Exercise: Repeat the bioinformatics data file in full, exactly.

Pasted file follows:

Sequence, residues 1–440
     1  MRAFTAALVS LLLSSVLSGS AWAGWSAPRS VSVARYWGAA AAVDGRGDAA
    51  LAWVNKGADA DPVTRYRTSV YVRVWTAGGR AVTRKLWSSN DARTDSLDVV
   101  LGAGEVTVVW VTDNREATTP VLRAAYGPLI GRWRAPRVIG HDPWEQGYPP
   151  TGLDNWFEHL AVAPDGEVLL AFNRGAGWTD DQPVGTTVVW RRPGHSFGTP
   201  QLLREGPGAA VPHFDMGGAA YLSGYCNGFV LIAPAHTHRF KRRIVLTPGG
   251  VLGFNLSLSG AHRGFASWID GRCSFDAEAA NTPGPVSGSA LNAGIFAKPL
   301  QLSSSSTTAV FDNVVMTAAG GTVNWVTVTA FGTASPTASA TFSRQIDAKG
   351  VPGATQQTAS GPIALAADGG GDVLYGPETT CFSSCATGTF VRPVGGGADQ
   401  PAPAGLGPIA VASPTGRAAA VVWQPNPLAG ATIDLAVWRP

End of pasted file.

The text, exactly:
Sequence, residues 1–440
     1  MRAFTAALVS LLLSSVLSGS AWAGWSAPRS VSVARYWGAA AAVDGRGDAA
    51  LAWVNKGADA DPVTRYRTSV YVRVWTAGGR AVTRKLWSSN DARTDSLDVV
   101  LGAGEVTVVW VTDNREATTP VLRAAYGPLI GRWRAPRVIG HDPWEQGYPP
   151  TGLDNWFEHL AVAPDGEVLL AFNRGAGWTD DQPVGTTVVW RRPGHSFGTP
   201  QLLREGPGAA VPHFDMGGAA YLSGYCNGFV LIAPAHTHRF KRRIVLTPGG
   251  VLGFNLSLSG AHRGFASWID GRCSFDAEAA NTPGPVSGSA LNAGIFAKPL
   301  QLSSSSTTAV FDNVVMTAAG GTVNWVTVTA FGTASPTASA TFSRQIDAKG
   351  VPGATQQTAS GPIALAADGG GDVLYGPETT CFSSCATGTF VRPVGGGADQ
   401  PAPAGLGPIA VASPTGRAAA VVWQPNPLAG ATIDLAVWRP